“I wanted something that I could have a much more intimate relationship with everyone in the company, rather than have 200 people and not know who you’re sending your work to, not know what they’re expecting from you, never know who your manager is, never meeting them,” he said. 

Dressel said he found that at ShearShare. He was one of the first three people hired by the company after it moved to Buffalo. 

But his favorite part of the job is working with ShearShare’s founders, who he said are open-minded. The Caldwells will listen to their employees’ ideas and have even implemented some, Dressel said. 

“I don’t know how to code. I don’t know how to do certain technology things,” Dressel said. “Even if you have very limited or no knowledge in what you’re doing, as long as you come in, have a good attitude and a good work ethic, they can give you the world.”







Shana Johnson Centivo

Shana Johnson is a member care specialist at Centivo.




Shana Johnson walked away from her job interview at Centivo feeling like she could be part of a team.

“Everyone was so close,” she recalled. “Everyone knew each other. That made me feel good.”

Now, a little over a year into her job as a member care specialist at Centivo, a digital health plan startup, Johnson can confirm the initial feelings she had were right on. 

She described Centivo as having a personal atmosphere,  where everyone really does know each other. After the May 14 mass shooting at the Tops in Buffalo, one of Centivo’s top executives, Chief People Officer Stephanie Argentine, texted Johnson to see how she was doing. 

“I feel like part of the company,” she said. 

As a member care specialist, Johnson takes calls from members and providers, helping to answer questions they may have about their benefits or claims. 

She got her start in the health care industry when she became a certified medical assistant through UB’s Educational Opportunities Center. She worked as a personal care aid for a while before getting into the insurance field in 2016. Johnson started her job at Centivo in April 2021. 

Johnson sees her job as a way to educate people on what their benefits are and explain to them what their plan covers.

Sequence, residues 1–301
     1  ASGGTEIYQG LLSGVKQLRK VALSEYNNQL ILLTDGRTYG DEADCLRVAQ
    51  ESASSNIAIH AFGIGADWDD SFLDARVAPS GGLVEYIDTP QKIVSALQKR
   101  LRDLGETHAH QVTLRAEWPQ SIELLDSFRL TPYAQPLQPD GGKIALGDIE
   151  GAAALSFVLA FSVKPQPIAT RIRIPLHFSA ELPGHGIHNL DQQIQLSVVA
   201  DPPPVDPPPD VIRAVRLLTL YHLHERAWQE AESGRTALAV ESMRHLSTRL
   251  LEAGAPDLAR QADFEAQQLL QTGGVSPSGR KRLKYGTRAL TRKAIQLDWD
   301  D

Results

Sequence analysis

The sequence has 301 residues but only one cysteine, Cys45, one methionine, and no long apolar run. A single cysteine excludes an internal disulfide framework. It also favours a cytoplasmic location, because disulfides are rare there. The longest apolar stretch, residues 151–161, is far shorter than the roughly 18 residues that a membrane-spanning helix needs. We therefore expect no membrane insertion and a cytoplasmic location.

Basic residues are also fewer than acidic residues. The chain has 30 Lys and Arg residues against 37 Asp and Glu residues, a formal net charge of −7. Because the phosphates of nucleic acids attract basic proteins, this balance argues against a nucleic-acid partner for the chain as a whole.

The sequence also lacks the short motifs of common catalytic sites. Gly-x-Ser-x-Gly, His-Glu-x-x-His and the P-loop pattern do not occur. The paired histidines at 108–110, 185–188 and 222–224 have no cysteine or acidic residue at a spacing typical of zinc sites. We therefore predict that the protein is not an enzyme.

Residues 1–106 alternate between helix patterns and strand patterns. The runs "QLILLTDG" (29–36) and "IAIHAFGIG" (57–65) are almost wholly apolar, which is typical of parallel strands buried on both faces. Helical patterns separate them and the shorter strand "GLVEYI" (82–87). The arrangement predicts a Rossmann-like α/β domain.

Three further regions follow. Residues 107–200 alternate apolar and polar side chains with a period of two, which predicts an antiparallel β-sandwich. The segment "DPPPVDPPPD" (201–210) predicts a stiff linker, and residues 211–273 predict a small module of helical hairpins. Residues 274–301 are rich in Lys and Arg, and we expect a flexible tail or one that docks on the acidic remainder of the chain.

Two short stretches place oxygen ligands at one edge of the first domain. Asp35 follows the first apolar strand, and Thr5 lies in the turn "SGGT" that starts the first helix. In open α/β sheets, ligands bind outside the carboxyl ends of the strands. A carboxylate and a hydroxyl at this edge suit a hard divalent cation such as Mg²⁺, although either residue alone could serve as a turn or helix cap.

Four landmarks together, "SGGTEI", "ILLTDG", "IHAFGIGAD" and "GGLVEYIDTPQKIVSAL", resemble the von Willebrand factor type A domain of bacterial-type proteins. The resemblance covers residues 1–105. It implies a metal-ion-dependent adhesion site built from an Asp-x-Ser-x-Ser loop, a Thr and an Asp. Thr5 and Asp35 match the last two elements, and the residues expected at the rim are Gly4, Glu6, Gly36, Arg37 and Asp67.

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“Once we educate them, the call goes from like 100 back down to one,” she said. 

Before working at Centivo, Johnson worked for a well-established insurance company where there were already policies employees had to adhere to. At Centivo, the policies are still evolving and employees like Johnson can give their input. 

“To actually see the growth in front of me and be a part of it is really exciting,” she said. 

Johnson said she sees opportunities to advance within the company and would like to move into a supervisory role at Centivo in the future. 







Sean Andrews (Circuit Clinical)

Sean Andrews is a senior accountant at Circuit Clinical, a company that helps patients find clinical trials.


Robert Kirkham



Sean Andrews, Circuit Clinical 

Sean Andrews knew he wanted to be part of a startup since he first saw the HBO show “Silicon Valley.”

Now, he’s a senior financial analyst at Circuit Clinical, a 2019 43North winner that helps connect patients to clinical trials.

Andrews started at Circuit Clinical in March 2021 as an accountant, but he was always more interested in financial analysis, he said. He worked at Amazon as a financial analyst for about a year after he graduated from Canisius College with a degree in accounting and accounting information systems.